Using Visuals With Group Processes & Facilitation Methods
This workshop originated at NexusU/Nexus for Change at Bowling Green State University in 2008. It offers an overview of how visuals can enhance group facilitation processes and methods such as World Cafe, Open Space, Appreciative Inquiry, and other methods, including interactive drawing methods that can be used to break the ice or open up thinking about an issue in a non-verbal manner. This workshop is part lecture, part conversation and a short hands on experience.

Description: Are you the kind of person who loves working with groups, who is interested in finding new ways to apply your listening and recording skills, and who learns best from doing and reflecting? Are you intrigued about the role of visuals in our group interactions and learning, especially in the context of whole systems change methods such as The World Cafe, Appreciative Inquiry and Open Space? This workshop is designed for a group of people to play and learn together to develop your their practice in graphic recording and facilitation in the context of group processes. (You can see some examples here ). Graphic recording at its most basic is capturing what is happening in a group or presentation. (To learn more, see )

We’ll take a glimpse into the world of graphic recording, provide time to experiment and play with a range of tools and techniques, and explore how they can support a variety of whole systems change methods.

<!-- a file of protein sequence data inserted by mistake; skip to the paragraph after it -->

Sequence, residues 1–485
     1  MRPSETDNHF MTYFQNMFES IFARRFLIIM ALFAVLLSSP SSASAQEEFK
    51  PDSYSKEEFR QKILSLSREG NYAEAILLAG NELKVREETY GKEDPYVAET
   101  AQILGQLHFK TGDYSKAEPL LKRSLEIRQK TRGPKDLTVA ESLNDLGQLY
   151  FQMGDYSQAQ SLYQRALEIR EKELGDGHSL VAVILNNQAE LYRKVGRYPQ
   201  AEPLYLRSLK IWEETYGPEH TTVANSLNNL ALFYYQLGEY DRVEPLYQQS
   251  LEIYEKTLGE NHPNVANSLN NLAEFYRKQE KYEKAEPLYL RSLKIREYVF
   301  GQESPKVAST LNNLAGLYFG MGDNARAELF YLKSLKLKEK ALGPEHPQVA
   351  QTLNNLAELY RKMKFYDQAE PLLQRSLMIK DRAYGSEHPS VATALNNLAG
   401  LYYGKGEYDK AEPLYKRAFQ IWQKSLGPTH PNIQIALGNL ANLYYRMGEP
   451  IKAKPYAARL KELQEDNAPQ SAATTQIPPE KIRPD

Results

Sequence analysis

If you are looking for more of the “how to” part, pair it with the “I CAN DRAW” workshop.

Length: 2 hours minimum up to full day paired with “I CAN DRAW”

I CAN DRAW – Hands On Writing on Walls

This playful experiential workshop takes place almost entirely at the drawing surface, ideally in a room where we can hang large paper all around the room or use constructed 4×8 foot drawing boards. This workshop can start with very introductory level work for those who are reluctant to draw, and can be customized up to a full day graphic recording/facilitation workshop which includes not only the recording, but preparation and follow up with digital images. For those who want more in depth techniques, I usually bring in another artist to show the advanced work. Then people can see a range of styles and expertise. I’m still on the “newbee” side of the practice. This can help make the reluctant more comfortable. We can look silly together safely.

Description: Want to draw your notes instead of write them? Visually capture what is happening at a meeting or in a classroom? Engage people beyond words and text? Then come learn to write on walls, the practice of graphic recording and facilitation. Learn some basic techniques and tricks that enable any of us to draw as a way of capturing and communicating ideas with each other. This is a playful, hands-on experiential workshop. You do NOT need previous experience or have to consider yourself an artists. We can ALL draw. Come prepared to get your hands dirty. Bring a digital camera to record the fruits of your labor.

Length: 1 hour minimum, ideally 2-3 hours. Can be paired with “Using Visuals With Group Processes & Facilitation Methods”

For a sense of a very short “I CAN DRAW” session, here is 6 minutes from a lightening fast 45 “taste of” workshop at Northern Voice in 2009.

Nancy White, on Graphic Recording 101 from jmv on Vimeo.

Testimonials and Blogposts About My Work

Learning to Draw Perfect Circles and Starfish People: Capturing Collaborative Energy

Meg Whetung, Communications Designer

(Used with permission)

Nancy White’s session on graphic recording (or visual note taking) had an approachable mood and her exercises engaged participants in exploration. Standing up with markers and pastels in hand, there was laughter and the letting go of any preconceptions we carried about drawing. As a graphic designer, I draw every day, yet I left this session with many new ideas.